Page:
In order to play with low cost h/w you will often need to educate yourself a bit
so you can use/maintain/update it.
It is that grand tradeoff between knowledge, time, & money
(You can often save money and time if you have knowledge)
Here is thread that discusses updating USBasp based devices:http://arduino.cc/forum/index.php/topic,149668.0.html
Note that I updated my kkk USBasp and retrolefty updated his HobbyKing USBasp
device and that once you update your USBasp device to the later firmware
the warning will go away.
The bottom line is that USBasp used to use a jumper to set a slower ISP clock rate.
The newer USBasp firmware can set the slow ISP clock rate in s/w through the USBasp commands
over the USB or by using the slow ISP clock jumper.
avrdude has been updated to use the newer USBasp commands to set the clock rate
to make it easier since you won't have to use the slow ISP clock jumper any more.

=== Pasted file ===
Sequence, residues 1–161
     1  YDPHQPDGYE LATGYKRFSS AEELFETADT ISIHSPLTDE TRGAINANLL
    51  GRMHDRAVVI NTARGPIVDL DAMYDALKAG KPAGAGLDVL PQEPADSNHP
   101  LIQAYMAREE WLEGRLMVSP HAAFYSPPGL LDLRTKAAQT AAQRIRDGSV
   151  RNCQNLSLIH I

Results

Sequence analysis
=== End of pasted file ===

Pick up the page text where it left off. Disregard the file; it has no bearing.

(The slow clock jumper can still be used with the new firmware)
If you have a newer avrdude and older firmware, avrdude tries to set the clock rate
and fails because the older firmware doesn't support the newer commands to set
the ISP clock rate. (That is what the warning is).
If you are using a slow clock rate in the AVR (like with virgin chip which runs at 1Mz), then
a slow ISP clock rate is required when updating the AVR.
The clock can be slowed down by either installing the slow ISP clock jumper in the USBasp device
or if the USBasp device has the newer firmware, avrdude can be told to tell the USBasp device
to slow it down.
If the AVR is not running a slow clock, then there is no need to have a slow ISP clock to program it.
Avrdude will give you a warning but the programming will work just fine.
One of the things that I don't like which is what is causing much of this confusion is the way avrdude
was updated to use the new AVRasp set clock rate command.
avrdude has a command line option to set the ISP clock rate. The USBasp code ALWAYS
uses the new set ISP clock rate command even when the avrdude commandline option was NOT used.
i.e. it always tries to set the clock rate and uses a default rate if you don't specify one.
That is why you will always see the "cannot set sck period" warning.
Because even if avrdude is not asked to set a sck period, avrdude tries to set it to a default rate
on USBasp devices.
Had avrdude not tried set a rate unless you asked for it, you wouldn't see the warning.